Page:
They exist within our society and have the potential to attack without warning.
Arborists are raising concerns about trees known as “zombie trees” that present a hidden danger. These trees may appear unharmed following extreme weather events like storms or droughts, but they actually suffer internal damage and can unexpectedly collapse.
Experts say that due to severe drought conditions in British Columbia, there may be a higher occurrence of dangerous zombie trees this year. Identifying and eliminating these trees is crucial in order to safeguard both infrastructure and individuals at risk.
“What ends up happening is the trees are forced to use their stored energy to combat the drought, and they’re unable to produce excessive stored energy to fight back against pests, against storms,” said Scott Gardner, district manager at Davey Tree Expert Company.
“He stated that we will witness one of two outcomes: either a disastrous failure once the rain begins, or a sudden demise.”
Gardner frequently encounters zombie trees in Metro Vancouver, although it can be difficult for someone without expertise to recognize them.
He mentioned that he searches for indications of decay or the presence of mushrooms at the base of a tree, as well as irregular growth patterns, harm, or deterioration in the top part of the tree. However, certain trees that are in a zombie-like state can still possess a complete and lush upper canopy, which can make it difficult for individuals to promptly detect any problems.
“Just today, we had two trees that fell on people’s houses and both of them had a full canopy of foliage,” Gardner said. “There was root, rot or decay in the root and the tree failed at the base. These are perfect examples of trees that are zombie trees and to the untrained eye would look completely fine.”
On the evening of October 24th, a large tree resembling a zombie toppled onto a residential area in North Vancouver.
Karen Tregillas, a resident of the Indian River area in North Vancouver, described hearing a loud snap and crash followed by a thunderous boom. She discovered that the top of a tree had been flung approximately 25 feet away from her sliding door.
The tree in question was a Western Hemlock. It had white fungus in its heartwood, which according to Gardner, makes it a zombie tree.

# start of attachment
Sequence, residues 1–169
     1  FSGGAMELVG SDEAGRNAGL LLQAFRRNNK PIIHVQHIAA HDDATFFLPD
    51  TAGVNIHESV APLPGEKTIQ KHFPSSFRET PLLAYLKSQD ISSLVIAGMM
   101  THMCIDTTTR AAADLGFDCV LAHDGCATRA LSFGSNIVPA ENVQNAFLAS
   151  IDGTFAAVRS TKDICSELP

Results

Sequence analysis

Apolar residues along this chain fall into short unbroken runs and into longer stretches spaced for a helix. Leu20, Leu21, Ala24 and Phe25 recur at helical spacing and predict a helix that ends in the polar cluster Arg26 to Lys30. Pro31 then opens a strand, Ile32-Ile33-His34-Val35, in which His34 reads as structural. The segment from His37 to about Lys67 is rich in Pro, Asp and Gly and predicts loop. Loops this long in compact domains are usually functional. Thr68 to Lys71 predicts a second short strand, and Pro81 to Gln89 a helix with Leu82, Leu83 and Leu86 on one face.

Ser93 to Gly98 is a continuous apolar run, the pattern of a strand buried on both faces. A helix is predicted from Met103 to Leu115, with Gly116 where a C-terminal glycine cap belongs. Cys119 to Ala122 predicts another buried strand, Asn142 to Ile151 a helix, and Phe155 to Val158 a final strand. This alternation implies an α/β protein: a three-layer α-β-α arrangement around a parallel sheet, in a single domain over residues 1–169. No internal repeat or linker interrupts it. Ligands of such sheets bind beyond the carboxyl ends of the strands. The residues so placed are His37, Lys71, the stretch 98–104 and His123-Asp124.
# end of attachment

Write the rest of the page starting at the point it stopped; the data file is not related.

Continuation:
That evening, powerful winds swept through the southern coast of B.C., causing power outages for numerous residents. B.C. Hydro reported that certain blackouts occurred as a result of trees collapsing onto transmission lines.
Tregillas mentioned that the vehicle had forcefully broken the chain-link fence. He had expressed concern about the tree earlier, as he would observe its lifeless appearance from his bedroom.
Tregillas mentioned that she refrains from taking her dog for walks in the woods during windy weather, and she makes an effort to be especially careful even on calm days.
“She mentioned that she has experienced being outdoors during moments of complete silence, resembling the stillness of night, only to suddenly hear the sound of a massive tree falling.”
Arborist Gardner advised that individuals should remain vigilant for zombie trees. It is important for people to observe the trees on their land and take note of any signs of decay, cracks in the bark, or abnormal discoloration of the foliage.
WATCH | How to spot a zombie tree:
He advised that it is advisable to consult certified professionals for assistance if any signs are observed.
As the storm season becomes more active, the province expects an increase in power outages due to weakened trees caused by severe weather.
Susie Reider, spokesperson for B.C. Hydro, stated last week that there is a higher chance of experiencing major power outages during a windstorm.
Reider mentioned that trees that have been weakened by drought and related illnesses may be more prone to wind damage. It is anticipated that a significant amount of dead or damaged trees and branches will fall, resulting in power outages.
Based on the given statement, teams are sent out to examine trees and other tall plants that are growing close to BC Hydro’s infrastructure in order to detect any possible issues.